Professor Heather Maynard, graduate students Thi Nguyen and Caitlin Decker, former postdocs Sung-Hye Kim and Darice Wong, and Professor Joseph Loo have developed new bio-mimicking therapeutics that can be used to quicken the wound healing process.
A signaling molecule known as basic fibroblast growth factor, or bFGF, is secreted by our cells to activate healing processes, as well as embryonic development, tissue regeneration, bone regeneration, the development and maintenance of the nervous system, and stem cell renewal. It has potential applications in medicine for stimulating or quickening these processes, but has previously been too unstable for use outside of the body.
The researchers discovered how to stabilize bFGF, synthesizing a polymer that mimics the structure of heparin, a naturally occurring complex sugar found on the surface of our cells, and attaching it to bFGF, thus rendering it a more suitable candidate for medical applications.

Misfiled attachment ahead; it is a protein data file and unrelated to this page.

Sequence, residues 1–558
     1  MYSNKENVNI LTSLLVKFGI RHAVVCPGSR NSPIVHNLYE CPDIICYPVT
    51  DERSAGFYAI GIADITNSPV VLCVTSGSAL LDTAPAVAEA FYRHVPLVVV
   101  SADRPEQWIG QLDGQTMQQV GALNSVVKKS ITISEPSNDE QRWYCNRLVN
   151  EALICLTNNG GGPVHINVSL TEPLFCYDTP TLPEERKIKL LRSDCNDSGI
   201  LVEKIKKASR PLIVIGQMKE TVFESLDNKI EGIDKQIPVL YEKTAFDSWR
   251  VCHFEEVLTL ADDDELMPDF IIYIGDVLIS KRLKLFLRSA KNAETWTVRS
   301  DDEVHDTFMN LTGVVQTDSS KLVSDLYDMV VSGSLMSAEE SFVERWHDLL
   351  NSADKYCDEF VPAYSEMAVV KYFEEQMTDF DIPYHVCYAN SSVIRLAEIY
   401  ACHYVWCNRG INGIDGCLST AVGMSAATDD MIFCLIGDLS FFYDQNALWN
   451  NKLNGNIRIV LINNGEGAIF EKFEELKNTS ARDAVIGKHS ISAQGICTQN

“This stable bFGF–polymer conjugate may also be useful in diseases other than wound healing — for example, vocal chord repair, cardiac repair and bone regeneration,” Maynard said. “More generally, we think that this idea of making polymers that mimic natural stabilizers is useful in a wide range of fields.”
The research was published Feb. 17 in the online edition of the journal Nature Chemistry and will appear in an upcoming print edition of the journal. The full news release can be read here.